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National Marine Fisheries Service (NMFS), National Oceanic and Atmospheric Administration (NOAA), Commerce.
Approval of a fishery management plan amendment.
NMFS announces the approval of Amendment 14 to the Fishery Management Plan for the Bering Sea/Aleutian Islands King and Tanner Crabs (FMP). This amendment contains a rebuilding plan for the overfished stock of Bering Sea snow crab. This action is necessary to ensure that conservation and management measures continue to be based upon the best scientific information available. It is intended to enhance the Council’s ability to achieve, on a continuing basis, optimum yield from fisheries under its authority.
The amendment was approved on December 28, 2000.
Copies of Amendment 14 to the FMP and the Environmental Assessment (EA) prepared for the amendment are available from the Sustainable Fisheries Division, Alaska Region, NMFS, P.O. Box 21668, Juneau, AK 99802-1668, Attn: Lori Gravel.Start Further Info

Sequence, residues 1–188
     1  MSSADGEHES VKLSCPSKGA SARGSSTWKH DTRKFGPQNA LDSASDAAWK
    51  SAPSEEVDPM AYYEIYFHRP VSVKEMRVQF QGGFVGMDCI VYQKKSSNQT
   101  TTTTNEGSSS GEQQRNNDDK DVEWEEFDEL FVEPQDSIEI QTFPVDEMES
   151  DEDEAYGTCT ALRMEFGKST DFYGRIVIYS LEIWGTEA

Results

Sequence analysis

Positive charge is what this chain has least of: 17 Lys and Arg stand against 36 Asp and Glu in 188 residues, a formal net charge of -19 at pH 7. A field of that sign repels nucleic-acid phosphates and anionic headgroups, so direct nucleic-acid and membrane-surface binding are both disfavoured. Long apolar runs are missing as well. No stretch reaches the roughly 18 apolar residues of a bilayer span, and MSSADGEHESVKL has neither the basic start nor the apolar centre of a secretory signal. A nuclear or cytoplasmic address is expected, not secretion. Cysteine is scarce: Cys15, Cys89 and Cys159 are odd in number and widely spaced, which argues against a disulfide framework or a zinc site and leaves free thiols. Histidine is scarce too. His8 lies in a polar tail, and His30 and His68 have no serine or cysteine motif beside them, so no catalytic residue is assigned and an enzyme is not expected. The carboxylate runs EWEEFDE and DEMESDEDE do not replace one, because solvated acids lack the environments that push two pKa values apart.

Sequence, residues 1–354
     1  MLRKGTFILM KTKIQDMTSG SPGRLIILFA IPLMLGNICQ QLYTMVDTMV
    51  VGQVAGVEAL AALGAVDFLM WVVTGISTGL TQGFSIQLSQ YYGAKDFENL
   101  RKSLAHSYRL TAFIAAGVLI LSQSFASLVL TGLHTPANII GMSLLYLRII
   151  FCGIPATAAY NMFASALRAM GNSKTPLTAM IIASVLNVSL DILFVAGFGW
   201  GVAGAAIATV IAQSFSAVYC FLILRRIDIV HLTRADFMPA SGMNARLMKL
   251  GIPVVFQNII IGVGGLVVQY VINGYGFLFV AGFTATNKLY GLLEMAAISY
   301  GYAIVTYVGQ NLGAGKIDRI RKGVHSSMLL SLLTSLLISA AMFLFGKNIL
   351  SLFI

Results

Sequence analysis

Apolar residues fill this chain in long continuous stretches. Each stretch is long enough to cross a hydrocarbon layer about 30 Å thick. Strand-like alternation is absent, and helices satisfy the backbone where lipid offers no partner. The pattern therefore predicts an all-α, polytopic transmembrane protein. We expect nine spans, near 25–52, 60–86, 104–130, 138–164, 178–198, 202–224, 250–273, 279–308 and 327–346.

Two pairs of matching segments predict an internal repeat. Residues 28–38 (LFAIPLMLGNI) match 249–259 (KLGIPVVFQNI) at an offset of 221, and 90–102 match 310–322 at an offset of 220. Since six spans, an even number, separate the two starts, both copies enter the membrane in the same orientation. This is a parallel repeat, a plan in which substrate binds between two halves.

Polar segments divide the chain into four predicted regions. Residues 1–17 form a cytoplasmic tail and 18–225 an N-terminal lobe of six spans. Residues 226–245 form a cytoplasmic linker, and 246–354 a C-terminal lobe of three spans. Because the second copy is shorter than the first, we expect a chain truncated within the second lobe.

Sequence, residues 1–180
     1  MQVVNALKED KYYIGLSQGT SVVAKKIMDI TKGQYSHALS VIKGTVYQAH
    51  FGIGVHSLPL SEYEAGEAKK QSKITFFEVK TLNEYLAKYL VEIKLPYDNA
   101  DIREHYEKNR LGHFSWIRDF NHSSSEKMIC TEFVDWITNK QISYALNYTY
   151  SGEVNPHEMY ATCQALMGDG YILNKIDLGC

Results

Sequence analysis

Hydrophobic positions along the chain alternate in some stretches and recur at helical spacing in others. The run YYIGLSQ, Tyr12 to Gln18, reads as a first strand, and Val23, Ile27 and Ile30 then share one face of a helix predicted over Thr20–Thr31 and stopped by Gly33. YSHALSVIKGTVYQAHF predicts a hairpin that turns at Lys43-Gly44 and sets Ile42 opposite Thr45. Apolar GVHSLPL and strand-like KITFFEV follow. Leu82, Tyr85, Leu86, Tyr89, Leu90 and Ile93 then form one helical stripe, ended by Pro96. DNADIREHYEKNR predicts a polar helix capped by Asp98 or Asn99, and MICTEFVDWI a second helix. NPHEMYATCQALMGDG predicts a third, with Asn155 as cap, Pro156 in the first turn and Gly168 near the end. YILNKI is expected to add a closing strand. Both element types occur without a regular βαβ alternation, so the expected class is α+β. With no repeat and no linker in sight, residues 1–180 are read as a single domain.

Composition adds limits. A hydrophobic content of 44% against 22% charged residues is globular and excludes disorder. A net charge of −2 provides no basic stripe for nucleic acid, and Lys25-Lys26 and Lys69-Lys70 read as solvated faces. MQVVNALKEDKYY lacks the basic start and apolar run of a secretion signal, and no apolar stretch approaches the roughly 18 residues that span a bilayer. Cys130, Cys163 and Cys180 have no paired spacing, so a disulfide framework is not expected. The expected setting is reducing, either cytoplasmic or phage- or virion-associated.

FOR FURTHER INFORMATION CONTACT:
Gretchen Harrington, 907-586-7228 or email@example.com.End Further Info End Preamble Start Supplemental Information
NMFS declared the Bering Sea stock of snow crab (Chionoecetes opilio) overfished on September 24, 1999, because the spawning stock biomass was below the minimum stock size threshold defined in the FMP. On September 24, 1999, NMFS notified the Council that the stock was overfished (64 FR 54791, October 8, 1999). The Council then took action to develop a rebuilding plan within 1 year of notification as required by section 304(e)(3) of the Magnuson-Stevens Fishery Conservation and Management Act (Magnuson-Stevens Act).
In June 2000, the Council adopted Amendment 14, the rebuilding plan to accomplish the purposes outlined in the national standard guidelines to rebuild the overfished stock. Amendment 14 specifies a time period for rebuilding the stock that satisfies the requirements of the Magnuson-Stevens Act. Under the rebuilding plan, the Bering Sea snow crab stock is estimated to rebuild, with a 50 percent probability, within 10 years. The stock will be considered “rebuilt” when it attains the maximum sustainable yield stock size level for 2 consecutive years.